COLUMBUS, Ohio – When anthropologists of the future find our fossilized teeth, what will they be able to conclude about our lives?
Debbie Guatelli-Steinberg has an idea. She is a professor of anthropology at The Ohio State University who studies fossilized teeth to answer questions about the life history, growth, and diet of primates and our human ancestors, as well as the relationships between different species.
In a new book, What Teeth Reveal About Human Evolution (Cambridge University Press, 2016), she gives a broad overview of what scientists have learned about our ancestors from studying fossilized teeth.
As for the teeth of humans living today – well, it is a good thing we have modern dentistry.
“We have teeth that were adapted for eating a very different diet than the one we eat today, at least in Western societies,” Guatelli-Steinberg said.
In the book, she noted that 99% of humans’ evolutionary history was spent eating foods that were hunted or gathered. Our current diets of soft, processed and sugary foods are nothing like the diets for which our teeth are adapted.
“Problems like cavities and plaque buildup have been magnified tremendously in humans today,” she said. “Natural selection has not prepared us well for the kinds of food we eat today.”
In addition to having much higher rates of cavities and plaque, modern humans are much more likely to have misaligned teeth that require orthodontic treatment or surgery.
“Soft diets do not stimulate jaw growth, and teeth, especially our third molars (wisdom teeth), become impacted,” she said.
In fact, third molar impaction became 10 times more common after the Industrial Revolution than it was previously.
Researchers like Guatelli-Steinberg learn a lot about early humans and our ancestors through an examination of teeth.
One reason that teeth provide so much information is simply that they are available. Teeth are the most preserved skeletal remains found in fossils. They are small and very mineralized, making them resistant to decomposition and able to maintain their original qualities, she said. Teeth also contain a record of a lot of aspects of their own development, including their chemistry and pathology.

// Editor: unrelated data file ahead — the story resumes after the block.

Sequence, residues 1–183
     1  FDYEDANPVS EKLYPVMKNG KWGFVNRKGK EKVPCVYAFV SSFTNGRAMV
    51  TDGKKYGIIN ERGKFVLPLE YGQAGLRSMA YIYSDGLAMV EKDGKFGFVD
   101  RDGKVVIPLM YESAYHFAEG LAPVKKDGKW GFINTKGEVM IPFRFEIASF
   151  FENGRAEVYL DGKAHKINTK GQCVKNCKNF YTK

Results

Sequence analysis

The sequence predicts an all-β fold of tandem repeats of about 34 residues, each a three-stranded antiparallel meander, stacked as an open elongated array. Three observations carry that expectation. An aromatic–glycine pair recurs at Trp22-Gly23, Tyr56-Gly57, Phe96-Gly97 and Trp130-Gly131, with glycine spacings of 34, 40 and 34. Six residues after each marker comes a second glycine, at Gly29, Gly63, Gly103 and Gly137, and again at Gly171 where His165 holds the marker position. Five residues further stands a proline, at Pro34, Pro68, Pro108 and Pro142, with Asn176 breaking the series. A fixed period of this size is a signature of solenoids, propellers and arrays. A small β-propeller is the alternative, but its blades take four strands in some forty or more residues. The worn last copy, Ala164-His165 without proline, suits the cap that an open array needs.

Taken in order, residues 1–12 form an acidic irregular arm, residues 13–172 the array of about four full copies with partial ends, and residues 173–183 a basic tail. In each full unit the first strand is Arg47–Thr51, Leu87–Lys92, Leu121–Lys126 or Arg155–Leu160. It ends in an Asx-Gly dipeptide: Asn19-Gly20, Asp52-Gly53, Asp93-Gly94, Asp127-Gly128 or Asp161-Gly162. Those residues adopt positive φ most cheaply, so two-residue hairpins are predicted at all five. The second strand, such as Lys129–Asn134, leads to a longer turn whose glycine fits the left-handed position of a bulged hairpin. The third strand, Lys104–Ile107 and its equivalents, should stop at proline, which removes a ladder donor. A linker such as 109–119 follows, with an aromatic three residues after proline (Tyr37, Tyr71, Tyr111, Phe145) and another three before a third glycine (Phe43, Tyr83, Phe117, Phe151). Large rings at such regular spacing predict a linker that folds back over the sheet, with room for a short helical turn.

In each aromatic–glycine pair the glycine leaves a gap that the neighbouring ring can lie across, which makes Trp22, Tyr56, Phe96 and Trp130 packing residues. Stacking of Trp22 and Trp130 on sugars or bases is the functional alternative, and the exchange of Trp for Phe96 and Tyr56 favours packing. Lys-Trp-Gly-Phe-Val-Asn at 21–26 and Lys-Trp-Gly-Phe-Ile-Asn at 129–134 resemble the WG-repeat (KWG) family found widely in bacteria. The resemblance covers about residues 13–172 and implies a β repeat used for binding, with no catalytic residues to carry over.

“Teeth give us insights into a variety of aspects of evolution,” she said.
For example, researchers study the structure of teeth – like bumps and grooves – to see how species are related to one another.
Also, since the scale of dental development is related to overall development in most animals, researchers can use teeth to determine how long it took individuals of different species to grow to adulthood.
On the other end of life, researchers can study the amount of wear on fossilized teeth to get a very rough estimate of how old an adult was when he or she died.
And, of course, there is much to learn about diets.
Microscopic wear on the chewing surfaces of teeth can suggest what kind of food an individual ate.
“Different kinds of food can require different ways of bringing the teeth together. As that happens, the food will mark the teeth in different ways, depending on their properties,” she said.
The chemical composition of the teeth themselves is revealing. Scientists can identify the stable isotopes and trace elements in fossilized teeth to determine an individual’s diet.
Much of Guatelli-Steinberg’s own research has focused on using patterns of tooth growth to assess what life was like for the individuals under study.
“Tooth growth is disrupted in periods of severe physical stress, such as illness or starvation, so teeth can be a window to challenges that our ancestors faced,” she said.
In a 2004 study, Guatelli-Steinberg and colleagues used a scanning electron microscope to compare fossilized teeth of Neanderthals with those of modern Inuits, or Eskimos. The researchers were looking for tiny defects – horizontal lines and grooves in tooth enamel – that suggest the individuals were experiencing stress.
The results showed that Neanderthals did not have lives that were dramatically more difficult than those of the modern Eskimos – a finding that challenged traditional thinking at the time.
More recently, Guatelli-Steinberg has used a relatively new method of studying fossilized teeth to examine growth increments. The technique pioneered by anthropologist Tanya Smith, called X-ray synchrotron microtomography, uses a specialized imaging machine to see inside teeth without having to cut them up.
This allows researchers to create virtual sections of fossil teeth to see periods of growth, or when growth was interrupted, in increments as short as just a few days, she said.
Regardless of what new techniques are developed to study teeth, Guatelli-Steinberg said she expects future anthropologists will “likely have a field day” studying modern human teeth.
“In various cultures today, we have people who notch teeth, inlay them with jewels or gold, lengthen them, file them down and remove them altogether,” she said.
“One can only imagine what anthropologists will make of all the things we do to our teeth today.”